interest

noun
in·​ter·​est | \ ˈin-t(ə-)rəst How to pronounce interest (audio) ; ˈin-tə-ˌrest, -ˌtrest; ˈin-tərst\

Definition of interest

 (Entry 1 of 2)

1a : a feeling that accompanies or causes special attention to something or someone : concern
b : something or someone that arouses such attention
c : a quality in a thing or person arousing interest
3a : a charge for borrowed money generally a percentage of the amount borrowed
b : the profit in goods or money that is made on invested capital
c : an excess above what is due or expected returned the insults with interest
4a(1) : right, title, or legal share in something
(2) : participation in advantage and responsibility

interest

verb
interested; interesting; interests

Definition of interest (Entry 2 of 2)

transitive verb

1 : to engage the attention or arouse the interest of
2 : to induce or persuade to participate or engage

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Examples of interest in a Sentence

Noun

She told us about her lifelong interest in music. The kids listened to the speaker for a little while, but then lost interest. The speaker wasn't able to hold their interest. She took an active interest in the political debate. He expressed an interest in learning more about photography. The stories about his personal life add interest to the book. I thought this article might be of interest to you. We visited many places of interest on our vacation. The price of the ticket was a matter of interest to everyone. Music is one of her many interests.

Verb

Military history doesn't really interest me. It might interest you to know that the woman in this photograph is your great-grandmother. It interested me to learn that she had once lived in California. The salesman tried to interest me in a more expensive computer.
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Recent Examples on the Web: Noun

Capers committed to Arkansas in February, but later backed off his pledge and re-opened his recruitment after Auburn, South Carolina and Tennessee showed intense interest. Josh Bean | Jbean@al.com, al.com, "Auburn lands commitment from another 2020 receiver," 1 July 2019 JPMorgan has benefited from rising interest rates and lower corporate taxes as the bank has increased investments in technology, new branches, and higher salaries for entry-level employees. Fortune, "JPMorgan Chase," 1 July 2019 Russell developed into an All-Star last season and is in line for a max deal - or something close to it - with the Lakers, Jazz, Pacers and Timberwolves showing interest. Tim Reynolds, courant.com, "AP Source: Kemba Walker tells Hornets he’s joining Celtics," 30 June 2019 Sources: Boston's showing interest in a 3-team sign-and-trade w/ Kyrie Irving (Nets), Kemba Walker (Celtics) and Terry Rozier (Hornets). Adam Himmelsbach, BostonGlobe.com, "Report: Terry Rozier headed to Charlotte as part of a three-way deal," 30 June 2019 Among those also showing interest in the 5-foot-10, 200-pound shifty runner were Louisville, Cincinnati, Toledo, Western Michigan and Akron. Scott Springer, Cincinnati.com, "Lakota West running back David Afari commits to Miami RedHawks football," 28 June 2019 Doing either would require the approval of state lawmakers, and majority Republicans have shown no interest in changing the system. Patrick Marley, Milwaukee Journal Sentinel, "Gerrymandering takeaways: What the Supreme Court's redistricting decision means for Wisconsin," 27 June 2019 In a move that showed interest in the marijuana industry, the City Council decided to allocate funds for the contract with HdL in the budget for the fiscal year that begins in July. David Hernandez, San Diego Union-Tribune, "Marijuana businesses could be legal in National City by the end of the year," 25 June 2019 Several fast food chains, including Burger King, have added menu items featuring meatless meat as consumers show interest in the product. Danielle Wiener-bronner, CNN, "McDonald's started using fresh meat. Sales of quarter-pound burgers went up 30%," 24 June 2019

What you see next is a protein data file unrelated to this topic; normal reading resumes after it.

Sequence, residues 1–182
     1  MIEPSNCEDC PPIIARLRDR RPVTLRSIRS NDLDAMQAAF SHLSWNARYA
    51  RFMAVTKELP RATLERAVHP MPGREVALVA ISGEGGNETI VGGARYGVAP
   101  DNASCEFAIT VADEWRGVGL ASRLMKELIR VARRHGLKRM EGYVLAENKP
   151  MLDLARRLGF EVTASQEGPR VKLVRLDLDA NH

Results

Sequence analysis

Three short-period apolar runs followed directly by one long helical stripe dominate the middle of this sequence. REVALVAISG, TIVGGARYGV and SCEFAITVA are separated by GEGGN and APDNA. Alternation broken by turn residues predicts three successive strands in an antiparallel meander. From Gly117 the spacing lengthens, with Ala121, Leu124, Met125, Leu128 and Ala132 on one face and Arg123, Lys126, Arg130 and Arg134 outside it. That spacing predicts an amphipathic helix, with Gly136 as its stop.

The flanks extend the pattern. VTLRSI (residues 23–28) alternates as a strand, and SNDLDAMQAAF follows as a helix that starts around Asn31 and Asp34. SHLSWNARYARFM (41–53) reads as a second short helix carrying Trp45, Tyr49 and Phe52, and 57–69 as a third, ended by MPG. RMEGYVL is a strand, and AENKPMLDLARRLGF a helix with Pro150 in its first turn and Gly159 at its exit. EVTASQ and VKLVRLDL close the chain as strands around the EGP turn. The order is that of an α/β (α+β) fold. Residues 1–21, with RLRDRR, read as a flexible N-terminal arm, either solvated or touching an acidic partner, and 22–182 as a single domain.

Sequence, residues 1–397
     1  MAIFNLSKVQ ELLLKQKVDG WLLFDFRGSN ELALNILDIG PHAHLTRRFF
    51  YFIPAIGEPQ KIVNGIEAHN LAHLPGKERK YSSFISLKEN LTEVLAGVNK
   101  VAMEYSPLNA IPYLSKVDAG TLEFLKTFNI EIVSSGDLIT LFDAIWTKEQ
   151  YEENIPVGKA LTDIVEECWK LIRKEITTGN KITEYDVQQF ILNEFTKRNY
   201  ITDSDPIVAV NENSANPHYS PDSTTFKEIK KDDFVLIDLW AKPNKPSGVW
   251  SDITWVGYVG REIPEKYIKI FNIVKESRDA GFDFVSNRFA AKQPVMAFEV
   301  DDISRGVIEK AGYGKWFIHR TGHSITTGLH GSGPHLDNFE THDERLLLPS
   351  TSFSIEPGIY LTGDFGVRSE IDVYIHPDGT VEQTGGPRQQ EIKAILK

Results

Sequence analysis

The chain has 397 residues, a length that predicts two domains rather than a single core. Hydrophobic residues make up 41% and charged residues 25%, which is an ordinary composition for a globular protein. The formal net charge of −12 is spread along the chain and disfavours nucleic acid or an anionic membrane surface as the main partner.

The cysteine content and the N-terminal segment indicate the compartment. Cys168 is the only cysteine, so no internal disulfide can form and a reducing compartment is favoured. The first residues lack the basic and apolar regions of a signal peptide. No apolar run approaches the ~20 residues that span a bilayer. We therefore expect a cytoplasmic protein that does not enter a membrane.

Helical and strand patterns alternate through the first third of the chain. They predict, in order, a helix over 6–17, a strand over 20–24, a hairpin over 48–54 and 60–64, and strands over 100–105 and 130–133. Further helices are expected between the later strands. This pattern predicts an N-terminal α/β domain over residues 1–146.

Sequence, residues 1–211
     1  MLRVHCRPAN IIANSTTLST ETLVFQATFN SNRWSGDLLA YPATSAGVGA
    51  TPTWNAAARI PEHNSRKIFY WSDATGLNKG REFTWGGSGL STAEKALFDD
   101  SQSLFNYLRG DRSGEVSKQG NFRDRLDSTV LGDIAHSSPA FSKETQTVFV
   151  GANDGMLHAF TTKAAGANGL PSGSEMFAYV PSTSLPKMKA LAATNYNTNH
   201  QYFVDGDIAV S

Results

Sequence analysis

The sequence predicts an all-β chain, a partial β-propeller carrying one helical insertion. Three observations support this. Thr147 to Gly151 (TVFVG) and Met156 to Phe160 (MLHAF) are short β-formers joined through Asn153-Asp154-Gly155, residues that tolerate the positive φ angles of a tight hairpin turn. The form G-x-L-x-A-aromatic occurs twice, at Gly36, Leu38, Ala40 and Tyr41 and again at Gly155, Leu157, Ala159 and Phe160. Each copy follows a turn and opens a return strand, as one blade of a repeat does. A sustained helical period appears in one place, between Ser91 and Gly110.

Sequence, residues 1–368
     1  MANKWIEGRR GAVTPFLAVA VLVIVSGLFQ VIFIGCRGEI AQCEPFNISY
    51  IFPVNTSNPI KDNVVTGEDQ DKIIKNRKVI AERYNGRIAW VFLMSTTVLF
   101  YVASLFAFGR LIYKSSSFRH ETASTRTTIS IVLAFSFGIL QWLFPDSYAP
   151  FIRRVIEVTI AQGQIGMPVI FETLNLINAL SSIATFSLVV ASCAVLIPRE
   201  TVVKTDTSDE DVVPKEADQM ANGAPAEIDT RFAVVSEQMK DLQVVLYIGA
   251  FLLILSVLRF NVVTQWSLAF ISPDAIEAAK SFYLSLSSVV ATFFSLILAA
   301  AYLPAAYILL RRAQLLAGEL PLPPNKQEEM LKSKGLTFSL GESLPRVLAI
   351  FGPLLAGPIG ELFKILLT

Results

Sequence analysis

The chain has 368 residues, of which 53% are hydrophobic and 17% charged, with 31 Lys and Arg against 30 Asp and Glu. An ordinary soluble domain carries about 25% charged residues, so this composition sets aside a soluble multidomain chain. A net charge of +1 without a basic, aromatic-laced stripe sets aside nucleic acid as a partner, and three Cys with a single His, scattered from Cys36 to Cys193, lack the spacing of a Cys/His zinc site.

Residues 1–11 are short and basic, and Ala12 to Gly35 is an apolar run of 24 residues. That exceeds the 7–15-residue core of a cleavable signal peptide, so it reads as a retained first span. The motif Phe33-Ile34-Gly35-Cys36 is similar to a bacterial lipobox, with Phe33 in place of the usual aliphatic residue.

Recent Examples on the Web: Verb